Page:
The Ripon Forum

Volume 49, No. 3

September 2015

The Price of Our Security

By on September 10, 2015


Gray & Hoff photoWith victories in the 2014 midterm elections, Republicans took control of both houses of Congress promising to pass the first budget in six years.  And they did—but it wasn’t easy. Republican leaders in the House and Senate faced tough negotiations with the party’s so-called defense hawks, whose top priority is national security, and deficit hawks, whose top priority is fiscal discipline. Reaching a compromise to keep this tenuous coalition in tact was difficult, but it was only the first step in a lengthy budget process. Republicans in Congress still have the appropriations process ahead of them, and passing any spending bills, especially ones they hope the president will sign, takes another layer of negotiation and compromise—with Democrats.

A congressional budget is an important document: it is a statement of priorities. This is an important distinction in understanding what it is not: law. The budget resolution is a compromise between a majority of Representatives and Senators, and it provides a framework that is supposed to establish limits on spending, tax, and debt related matters. The budget resolution passed by the House and Senate reaches balance by 2024. This dramatic alteration in the nation’s fiscal trajectory is achieved through reduced spending. The FY16 congressional budget largely adheres to reduced levels of defense spending called for under the Budget Control Act (BCA) of 2011. The congressional budget passed this year takes non-defense discretionary spending lower still. But the real savings come from reforming entitlement spending. Reaching balance by 2024 was an important aspect of gaining the support of Republican deficit hawks.

Lawmakers must bridge this partisan divide to guarantee the nation’s security—and both parties will need to pay a price.

Republican defense hawks, however, argued that the reduced military budget under the BCA caps had already significantly damaged national security and that increasing military spending was the only way to keep the country safe. To meet this need, the budget resolution includes an increased level of Overseas Contingency Operations (OCO) funding, essentially the place holder in the budget for military operations in Iraq and Afghanistan, to make up the gap between the current spending caps and the president’s funding request. Both sides agreed that this is an imperfect solution, but the OCO plus-up threads the needle for Congressional Republicans who need to balance fiscal discipline and funding defense. Congress has proceeded with this approach for appropriations bills; the House has passed 6 of the 12 funding bills—including defense.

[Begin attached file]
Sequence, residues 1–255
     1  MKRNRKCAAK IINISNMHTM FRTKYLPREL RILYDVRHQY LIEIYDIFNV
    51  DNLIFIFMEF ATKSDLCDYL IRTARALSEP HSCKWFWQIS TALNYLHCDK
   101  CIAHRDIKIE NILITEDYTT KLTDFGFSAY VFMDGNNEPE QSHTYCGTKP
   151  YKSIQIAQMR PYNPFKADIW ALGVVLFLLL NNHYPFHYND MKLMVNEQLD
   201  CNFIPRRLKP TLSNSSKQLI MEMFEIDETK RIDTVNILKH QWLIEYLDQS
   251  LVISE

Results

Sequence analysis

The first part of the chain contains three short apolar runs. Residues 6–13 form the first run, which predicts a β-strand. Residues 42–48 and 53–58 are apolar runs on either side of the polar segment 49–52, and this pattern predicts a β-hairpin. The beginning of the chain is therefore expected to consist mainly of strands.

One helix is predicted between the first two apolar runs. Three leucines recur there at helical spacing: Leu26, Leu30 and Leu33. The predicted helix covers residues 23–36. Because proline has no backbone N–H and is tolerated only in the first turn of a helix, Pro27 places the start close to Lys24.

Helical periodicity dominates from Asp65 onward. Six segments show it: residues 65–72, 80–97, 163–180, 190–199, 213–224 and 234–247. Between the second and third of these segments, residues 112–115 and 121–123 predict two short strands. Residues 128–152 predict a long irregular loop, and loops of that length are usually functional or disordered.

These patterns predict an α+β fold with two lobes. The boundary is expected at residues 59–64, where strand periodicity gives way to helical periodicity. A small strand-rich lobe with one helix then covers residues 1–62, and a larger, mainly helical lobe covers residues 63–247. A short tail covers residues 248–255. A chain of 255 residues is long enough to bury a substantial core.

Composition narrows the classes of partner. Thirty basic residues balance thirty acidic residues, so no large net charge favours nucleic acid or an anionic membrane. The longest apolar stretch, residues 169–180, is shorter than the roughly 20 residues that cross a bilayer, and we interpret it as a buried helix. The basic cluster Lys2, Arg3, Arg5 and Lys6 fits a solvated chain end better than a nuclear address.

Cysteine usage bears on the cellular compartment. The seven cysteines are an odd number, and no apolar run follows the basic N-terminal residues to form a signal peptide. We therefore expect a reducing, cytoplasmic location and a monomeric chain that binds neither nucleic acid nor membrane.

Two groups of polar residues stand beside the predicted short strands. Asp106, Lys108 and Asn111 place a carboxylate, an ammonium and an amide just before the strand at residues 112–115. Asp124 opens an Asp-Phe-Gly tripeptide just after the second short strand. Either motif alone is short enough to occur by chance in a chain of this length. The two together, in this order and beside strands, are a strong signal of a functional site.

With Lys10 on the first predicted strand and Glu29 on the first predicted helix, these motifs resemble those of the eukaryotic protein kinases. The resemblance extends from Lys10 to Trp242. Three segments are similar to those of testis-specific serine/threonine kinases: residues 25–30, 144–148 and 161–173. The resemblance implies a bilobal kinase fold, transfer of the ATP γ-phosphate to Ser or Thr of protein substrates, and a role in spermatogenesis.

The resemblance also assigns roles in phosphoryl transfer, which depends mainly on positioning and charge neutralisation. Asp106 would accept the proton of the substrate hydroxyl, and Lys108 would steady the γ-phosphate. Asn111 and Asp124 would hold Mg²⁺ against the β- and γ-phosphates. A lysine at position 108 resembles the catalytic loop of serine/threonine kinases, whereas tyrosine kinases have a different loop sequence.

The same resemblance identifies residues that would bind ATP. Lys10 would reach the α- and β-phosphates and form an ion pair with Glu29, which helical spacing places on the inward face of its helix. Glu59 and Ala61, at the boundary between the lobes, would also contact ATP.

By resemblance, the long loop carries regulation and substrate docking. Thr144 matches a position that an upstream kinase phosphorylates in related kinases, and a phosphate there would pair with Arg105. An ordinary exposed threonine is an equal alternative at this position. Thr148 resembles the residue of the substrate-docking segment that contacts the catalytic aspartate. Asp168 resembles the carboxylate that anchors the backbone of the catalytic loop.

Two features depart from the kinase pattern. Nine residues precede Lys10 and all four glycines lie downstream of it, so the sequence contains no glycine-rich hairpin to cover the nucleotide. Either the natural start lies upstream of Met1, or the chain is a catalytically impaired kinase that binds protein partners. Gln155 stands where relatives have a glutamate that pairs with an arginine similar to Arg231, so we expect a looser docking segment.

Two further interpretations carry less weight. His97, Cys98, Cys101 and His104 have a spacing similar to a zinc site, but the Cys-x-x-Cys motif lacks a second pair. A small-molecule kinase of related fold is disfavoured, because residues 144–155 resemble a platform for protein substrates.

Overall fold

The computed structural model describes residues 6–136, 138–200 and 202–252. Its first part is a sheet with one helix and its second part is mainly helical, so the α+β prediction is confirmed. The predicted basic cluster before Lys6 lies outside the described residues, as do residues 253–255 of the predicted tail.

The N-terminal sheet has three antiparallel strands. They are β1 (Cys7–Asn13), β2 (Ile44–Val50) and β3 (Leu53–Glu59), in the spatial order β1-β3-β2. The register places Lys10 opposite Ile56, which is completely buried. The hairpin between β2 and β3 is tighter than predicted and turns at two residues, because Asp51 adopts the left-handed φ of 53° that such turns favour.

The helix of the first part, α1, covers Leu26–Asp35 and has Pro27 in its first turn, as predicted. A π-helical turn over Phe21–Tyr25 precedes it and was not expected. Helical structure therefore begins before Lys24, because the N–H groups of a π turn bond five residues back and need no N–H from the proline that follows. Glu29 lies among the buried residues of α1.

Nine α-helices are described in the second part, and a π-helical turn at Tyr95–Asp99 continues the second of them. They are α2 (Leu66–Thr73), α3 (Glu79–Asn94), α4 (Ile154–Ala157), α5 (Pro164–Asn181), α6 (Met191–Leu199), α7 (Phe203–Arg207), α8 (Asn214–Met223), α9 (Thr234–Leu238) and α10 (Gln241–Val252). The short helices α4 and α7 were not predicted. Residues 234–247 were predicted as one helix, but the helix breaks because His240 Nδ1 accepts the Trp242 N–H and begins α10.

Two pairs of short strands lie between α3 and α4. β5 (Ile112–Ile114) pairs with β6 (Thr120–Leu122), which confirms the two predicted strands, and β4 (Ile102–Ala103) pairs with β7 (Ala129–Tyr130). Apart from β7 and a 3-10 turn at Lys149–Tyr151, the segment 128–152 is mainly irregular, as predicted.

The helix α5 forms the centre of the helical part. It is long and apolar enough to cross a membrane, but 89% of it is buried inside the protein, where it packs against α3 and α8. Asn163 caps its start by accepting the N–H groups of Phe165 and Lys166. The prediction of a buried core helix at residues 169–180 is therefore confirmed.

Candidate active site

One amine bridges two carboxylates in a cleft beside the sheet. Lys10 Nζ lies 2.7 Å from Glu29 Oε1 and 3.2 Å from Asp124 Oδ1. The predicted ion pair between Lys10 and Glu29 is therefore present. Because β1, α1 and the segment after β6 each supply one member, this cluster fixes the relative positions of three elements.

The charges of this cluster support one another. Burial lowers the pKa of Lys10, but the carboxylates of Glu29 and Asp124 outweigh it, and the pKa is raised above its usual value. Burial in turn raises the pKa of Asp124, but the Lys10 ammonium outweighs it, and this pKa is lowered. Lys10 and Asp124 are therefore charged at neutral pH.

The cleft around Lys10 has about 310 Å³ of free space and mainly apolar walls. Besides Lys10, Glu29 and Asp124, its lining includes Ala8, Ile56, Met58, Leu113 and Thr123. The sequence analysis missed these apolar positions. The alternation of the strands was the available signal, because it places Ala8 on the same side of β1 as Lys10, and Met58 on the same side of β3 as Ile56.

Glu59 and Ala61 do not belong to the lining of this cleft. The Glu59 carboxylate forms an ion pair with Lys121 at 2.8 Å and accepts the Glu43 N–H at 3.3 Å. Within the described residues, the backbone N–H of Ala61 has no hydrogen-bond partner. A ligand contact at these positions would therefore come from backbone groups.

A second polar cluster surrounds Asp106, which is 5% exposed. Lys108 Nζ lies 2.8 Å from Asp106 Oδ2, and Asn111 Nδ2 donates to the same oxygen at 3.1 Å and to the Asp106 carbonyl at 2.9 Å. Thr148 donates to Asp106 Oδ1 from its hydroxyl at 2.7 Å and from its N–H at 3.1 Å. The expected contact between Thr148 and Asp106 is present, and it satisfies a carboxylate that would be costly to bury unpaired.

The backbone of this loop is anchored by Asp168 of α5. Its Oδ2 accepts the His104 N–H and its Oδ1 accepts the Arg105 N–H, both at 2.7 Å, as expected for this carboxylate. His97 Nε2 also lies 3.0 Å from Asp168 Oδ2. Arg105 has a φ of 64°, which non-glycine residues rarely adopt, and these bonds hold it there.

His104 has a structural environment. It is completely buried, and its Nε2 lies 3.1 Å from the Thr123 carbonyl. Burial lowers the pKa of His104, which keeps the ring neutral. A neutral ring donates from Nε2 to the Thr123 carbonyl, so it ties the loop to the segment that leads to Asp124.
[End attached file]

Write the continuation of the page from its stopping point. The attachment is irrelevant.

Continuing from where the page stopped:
The difficulty of negotiations and compromises to gain majority support among Republicans is only a precursor to the efforts to reach bipartisan agreement with Democrats in Congress and the White House. The Senate functionally requires 60 votes to pass anything, so the 54 Republicans need at least some Democratic support for any appropriations bills. All of the House-passed appropriations bills have met veto threats from the White House. Lawmakers must bridge this partisan divide to guarantee the nation’s security—and both parties will need to pay a price.

Cynics should actually take heart at the likelihood of a bipartisan solution. Congress has reached a compromise to alter the spending caps before, and policymakers don’t have to be all that original. After the pain of the across-the-board sequestration cuts in 2013, the chairs of the House and Senate Budget Committees, Paul Ryan (R-WI) and Patty Murray (D-WA), negotiated a compromise that provided two years of sequester relief while still reducing the deficit overall. Both parties got what they wanted, but neither got everything. Republicans in the House had to acquiesce to greater domestic discretionary spending, while Senate Democrats had to agree to mandatory spending cuts in lieu of long-sought tax increases. This is the architecture of compromise for the next two years: relief for both defense and domestic discretionary spending paid for with mandatory savings.

The highest priority of the federal government should be providing for the common defense. The price of the nation’s security is compromise.

Republicans need to know that trying to increase defense spending without also increasing domestic spending is a non-starter with Democrats. And besides, the president would have to sign off on any new OCO funds, which just isn’t going to happen in this context. Democrats must recognize that the chances of extracting a tax increase from a Republican House and Senate are exactly zero. However, the Ryan-Murray agreement and other bipartisan measures demonstrate that there are politically palatable savings to be found in mandatory entitlement spending. And this should be the source of cuts in the first place, as mandatory spending comprises over 60 percent of the federal budget. Simply extending the mandatory sequester currently in place, as was done once before in Ryan-Murray, for another two years could provide over $30 billion in savings.

The highest priority of the federal government should be providing for the common defense. The price of the nation’s security is compromise. Among political parties and between branches of government, leaders must trade their lesser preferences for this higher imperative.

Gordon Gray (@GordonGrayDC) and Rachel Hoff (@rachelhoff814) both work at the American Action Forum (@AAF) as Director of Fiscal Policy and Director of Defense Analysis, respectively.

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